Shearing body in push for UK’s visa scheme

Headshot of Cally Dupe
Cally DupeCountryman
WA Shearing Industry Association president Darren Spencer.
Camera IconWA Shearing Industry Association president Darren Spencer. Credit: Countryman, Cally Dupe

WA’s peak shearing body is urging the Federal Government to adopt a new visa scheme allowing United Kingdom shearers to work in Australia, saying it would fill a “critical labour shortage”.

WA Shearing Industry Association has spoken to Federal Immigration Minister David Coleman requesting UK shearers be allowed to work in Australia for three months a year, even if they have finished their two-year working holiday visa.

While UK shearers can join shed teams in Australia on a working holiday visa, they are not able to return once their visa has expired.

WASIA president Darren Spencer said a three-month visa would fill a valuable gap in the labour market.

“It wouldn’t detract from our workers getting a stand ... if you are a WA shearer, you can just about work all year,” he said.

“Bringing these shearers over from the UK would lift the standard of shearers in WA by giving us a bigger pool of shearers.

We chose England because Australia has a three-month visa arrangement to go to the UK, so we would like a reciprocal arrangement.”

New Zealanders have traditionally made up the bulk of Australia’s international shearing workforce.

But a 25 per cent pay increase for the Kiwi nation’s shearers have Australian shearing managers wondering whether it will affect the pool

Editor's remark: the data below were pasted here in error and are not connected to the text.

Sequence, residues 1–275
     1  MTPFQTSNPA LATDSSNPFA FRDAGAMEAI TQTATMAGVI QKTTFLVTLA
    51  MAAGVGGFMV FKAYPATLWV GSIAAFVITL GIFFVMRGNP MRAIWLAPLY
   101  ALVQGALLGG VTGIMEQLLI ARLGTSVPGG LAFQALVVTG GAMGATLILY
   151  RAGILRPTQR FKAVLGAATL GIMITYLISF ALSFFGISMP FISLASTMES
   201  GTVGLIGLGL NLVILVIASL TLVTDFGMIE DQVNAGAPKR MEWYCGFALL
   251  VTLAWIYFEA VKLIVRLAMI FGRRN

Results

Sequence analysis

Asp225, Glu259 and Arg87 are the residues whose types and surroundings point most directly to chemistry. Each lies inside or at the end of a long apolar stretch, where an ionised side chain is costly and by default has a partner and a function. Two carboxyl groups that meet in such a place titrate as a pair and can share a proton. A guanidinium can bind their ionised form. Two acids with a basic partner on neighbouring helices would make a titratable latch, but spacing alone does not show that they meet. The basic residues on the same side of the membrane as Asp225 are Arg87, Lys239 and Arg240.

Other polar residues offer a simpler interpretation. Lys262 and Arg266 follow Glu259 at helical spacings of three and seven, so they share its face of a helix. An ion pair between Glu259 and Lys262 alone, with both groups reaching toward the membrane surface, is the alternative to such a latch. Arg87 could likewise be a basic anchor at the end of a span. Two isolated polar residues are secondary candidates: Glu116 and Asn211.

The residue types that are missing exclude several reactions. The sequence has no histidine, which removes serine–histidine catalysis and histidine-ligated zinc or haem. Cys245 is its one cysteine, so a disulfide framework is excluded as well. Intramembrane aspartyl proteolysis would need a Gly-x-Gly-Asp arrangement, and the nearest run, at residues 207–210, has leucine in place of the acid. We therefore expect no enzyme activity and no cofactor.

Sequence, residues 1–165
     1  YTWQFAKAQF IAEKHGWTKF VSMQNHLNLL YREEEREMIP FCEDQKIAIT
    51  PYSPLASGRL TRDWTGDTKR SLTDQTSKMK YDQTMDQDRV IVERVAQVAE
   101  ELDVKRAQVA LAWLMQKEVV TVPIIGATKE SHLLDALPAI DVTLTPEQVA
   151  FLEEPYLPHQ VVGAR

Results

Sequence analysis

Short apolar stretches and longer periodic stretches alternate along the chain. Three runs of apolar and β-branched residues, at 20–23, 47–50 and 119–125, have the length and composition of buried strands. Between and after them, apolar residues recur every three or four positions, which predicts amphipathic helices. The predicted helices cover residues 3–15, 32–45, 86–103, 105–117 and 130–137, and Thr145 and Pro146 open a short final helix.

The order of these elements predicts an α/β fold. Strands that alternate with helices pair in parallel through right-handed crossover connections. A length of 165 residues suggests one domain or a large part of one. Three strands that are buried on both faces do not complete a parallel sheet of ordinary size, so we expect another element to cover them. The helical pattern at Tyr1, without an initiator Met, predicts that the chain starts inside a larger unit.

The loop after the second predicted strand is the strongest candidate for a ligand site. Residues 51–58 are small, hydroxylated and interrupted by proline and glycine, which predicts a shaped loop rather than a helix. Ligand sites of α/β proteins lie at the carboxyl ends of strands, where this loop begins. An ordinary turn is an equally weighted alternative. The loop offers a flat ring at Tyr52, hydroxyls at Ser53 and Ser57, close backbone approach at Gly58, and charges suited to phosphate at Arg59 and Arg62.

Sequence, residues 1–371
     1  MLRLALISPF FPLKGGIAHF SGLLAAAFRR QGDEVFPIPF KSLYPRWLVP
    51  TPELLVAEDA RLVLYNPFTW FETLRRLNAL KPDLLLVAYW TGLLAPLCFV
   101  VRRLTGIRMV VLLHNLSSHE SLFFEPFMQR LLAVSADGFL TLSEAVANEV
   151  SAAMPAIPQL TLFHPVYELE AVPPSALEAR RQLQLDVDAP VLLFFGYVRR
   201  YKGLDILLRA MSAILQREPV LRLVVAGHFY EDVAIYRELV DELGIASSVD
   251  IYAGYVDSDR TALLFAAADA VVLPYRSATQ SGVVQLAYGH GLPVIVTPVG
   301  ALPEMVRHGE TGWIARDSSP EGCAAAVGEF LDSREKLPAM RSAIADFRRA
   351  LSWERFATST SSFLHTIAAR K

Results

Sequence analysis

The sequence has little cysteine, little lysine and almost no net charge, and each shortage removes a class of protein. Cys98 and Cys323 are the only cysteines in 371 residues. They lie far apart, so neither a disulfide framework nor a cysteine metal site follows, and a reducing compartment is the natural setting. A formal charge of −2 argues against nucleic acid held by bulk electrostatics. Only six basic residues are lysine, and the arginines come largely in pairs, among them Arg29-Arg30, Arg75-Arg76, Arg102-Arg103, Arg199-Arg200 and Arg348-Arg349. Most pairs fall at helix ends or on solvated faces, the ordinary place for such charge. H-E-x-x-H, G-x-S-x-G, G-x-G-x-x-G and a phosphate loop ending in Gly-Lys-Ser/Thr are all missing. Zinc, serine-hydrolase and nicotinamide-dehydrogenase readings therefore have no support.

Mr Spencer said WASIA had spoken with WA Agriculture Minister Alannah MacTiernan, who directed the group to Federal Immigration Minister Peter Dutton.

The group is now working with O’Connor MP Rick Wilson to bring the proposal to Mr Coleman’s attention.

Mr Wilson said he supported the proposal to have a reciprocal arrangement with the UK and had written to Minister Coleman.

WAFarmers livestock council president Steve McGuire agreed WA needed to expand its contractor base further than New Zealand.

“WA’s fall in sheep numbers has really masked the fall in shearers,” he said.

“There is a lack of young people coming into the industry. We can’t rely on New Zealand forever.

“There are not a huge amount of young people entering shearing in New Zealand either.”

Mr Spencer said the new visa would be separate to a new visa scheme for farm workers currently being finalised by the Federal Government.

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